Latest opinion polls suggest Brazilian voter intentions have been remarkably steady in recent months. That could change given the high level of undecided voters, the start of TV ad campaigns and a court decision regarding the candidacy of the jailed former president 'Lula'
Alckmin has secured his position as a competitive candidate
The biggest change in local market sentiment towards the Brazilian election over the past month has been a more constructive assessment regarding the ability of the establishment candidate, Geraldo Alckmin, to win the race, following the consolidation of a broad party alliance network.
Alckmin was indeed the biggest winner of the party negotiations
Alckmin was indeed the biggest winner of the party negotiations, followed by the jailed former president, Luiz Inácio 'Lula' da Silva's PT party, which was able to unify part of the left with the withdrawal of Manuela D’Ávila’s candidacy. Ciro Gomes was the biggest loser, as the candidate failed to seal any significant alliances, despite intense negotiations with both the left, which he lost to the PT, and the centre, which he lost to Alckmin. Marina Silva and Jair Bolsonaro seem more comfortable with their isolation, actively deploying it to solidify their status as outsider/anti-establishment candidates.
As a result of the negotiated party alliances, Alckmin’s campaign will amass 44% of the total airtime for presidential candidates in the state-sponsored TV/radio campaign that starts on August 31. The PT candidate will receive about 20% of the dedicated airtime, followed by Henrique Meirelles (15%) while the remaining candidates all get 5% or less, as we show in the chart below
Party alliances accentuated the asymmetry of campaign resource distribution. In particular, as the chart above demonstrates, the fact that leading contenders are the ones with the fewest resources increases the likelihood of bigger changes in voter support after August 31, greatly complicating the assessment of the electoral outlook.
Investors will be expecting Alckmin materially to improve his poll numbers throughout September. TV is still the most important way to reach the electorate in Brazil, despite the rise of social media. We agree that the greater exposure gives Alckmin a much-improved chance to move on to the second round but, in our opinion, this won't be enough to catapult him to certain victory.
A strong anti-establishment sentiment
The candidate’s association with the political establishment, which deepened with the alliances that closely mirror President Temer's support base, suggests that Alckmin is vulnerable to deeply felt voter dissatisfaction with the political class and strong anti-establishment sentiment. His troubling performance in his home state where, despite his good reputation and name-recognition, Bolsonaro appears to maintain a narrow lead also raises questions about his viability in this electoral cycle.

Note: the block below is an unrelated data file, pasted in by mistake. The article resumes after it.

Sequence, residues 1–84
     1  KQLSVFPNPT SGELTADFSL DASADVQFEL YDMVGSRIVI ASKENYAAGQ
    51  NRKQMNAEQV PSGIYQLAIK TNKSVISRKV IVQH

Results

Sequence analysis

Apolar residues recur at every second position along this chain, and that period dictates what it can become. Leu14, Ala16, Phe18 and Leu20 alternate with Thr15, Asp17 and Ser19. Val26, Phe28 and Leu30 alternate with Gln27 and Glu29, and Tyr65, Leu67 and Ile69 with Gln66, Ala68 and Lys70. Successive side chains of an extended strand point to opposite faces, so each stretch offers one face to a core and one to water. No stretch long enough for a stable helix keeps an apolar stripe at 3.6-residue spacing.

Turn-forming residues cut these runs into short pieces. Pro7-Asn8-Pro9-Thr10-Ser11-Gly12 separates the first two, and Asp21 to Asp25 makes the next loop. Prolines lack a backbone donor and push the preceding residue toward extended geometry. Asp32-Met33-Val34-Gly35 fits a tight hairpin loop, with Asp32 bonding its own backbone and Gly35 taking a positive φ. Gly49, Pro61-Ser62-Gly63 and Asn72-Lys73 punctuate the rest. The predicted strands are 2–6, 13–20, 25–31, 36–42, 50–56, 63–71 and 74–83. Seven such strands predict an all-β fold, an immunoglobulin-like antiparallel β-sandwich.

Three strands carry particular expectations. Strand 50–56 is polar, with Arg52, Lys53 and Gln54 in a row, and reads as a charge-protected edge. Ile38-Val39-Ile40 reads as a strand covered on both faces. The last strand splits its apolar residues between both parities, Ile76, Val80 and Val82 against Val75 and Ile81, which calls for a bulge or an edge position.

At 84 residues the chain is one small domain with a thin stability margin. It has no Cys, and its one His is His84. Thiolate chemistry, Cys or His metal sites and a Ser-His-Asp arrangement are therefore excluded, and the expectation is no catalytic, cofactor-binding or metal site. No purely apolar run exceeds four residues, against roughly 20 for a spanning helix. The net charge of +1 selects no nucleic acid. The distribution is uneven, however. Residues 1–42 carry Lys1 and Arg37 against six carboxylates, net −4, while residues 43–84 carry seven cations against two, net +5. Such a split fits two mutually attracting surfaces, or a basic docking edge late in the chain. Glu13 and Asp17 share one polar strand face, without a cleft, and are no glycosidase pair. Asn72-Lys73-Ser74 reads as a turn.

As seen in Colombia and Mexico this year, anti-establishment sentiment was a much more potent driver for election results than traditional resource advantages, which perhaps also lost their effectiveness due to the rise of social media.
PT insists on Lula, but gets ready for Haddad
Another important development over the past month was the confirmation that the PT party will insist on Lula’s candidacy, which should help maximize the party’s media exposure. The local consensus is that there’s a negligible chance the courts will allow the jailed former-President to run. A decision by the courts is expected at some time between the end of the month and the September 17 deadline.
Voter support for Lula remains quite high
In that case, the PT is expected to replace Lula with Fernando Haddad, the current VP candidate in the ticket. Manuela D’Ávila (PC do B) would be added to the ticket as VP candidate.
Voter support for Lula remains quite high, at about 35%, while support for Haddad is quite low (2-4% range). As a result, the PT’s main goal should be securing a high level of transfer of voter support from Lula to Haddad. This may not necessarily be a trivial task because Haddad is little known, and Lula is unlikely to be able to record videos or give interviews in support of Haddad, while the use of his image in Haddad’s campaign may also be restricted.
The uncertainties surrounding this transfer, which presumably would happen very late in the campaign cycle, throughout the second half of September (Election Day is October 7), is another critical source of uncertainty vis-à-vis the outcome of the elections.
Fractured electoral landscape suggests low bar for a first-round win
As the polls released this week indicated, the campaign still lacks an undisputed leader, with no candidate (other than Lula) with more than 20% support, while a large part of the electorate (more than a third) remains undecided about their vote. The fragmentation of voter support is perhaps the chief characteristic of the current electoral process.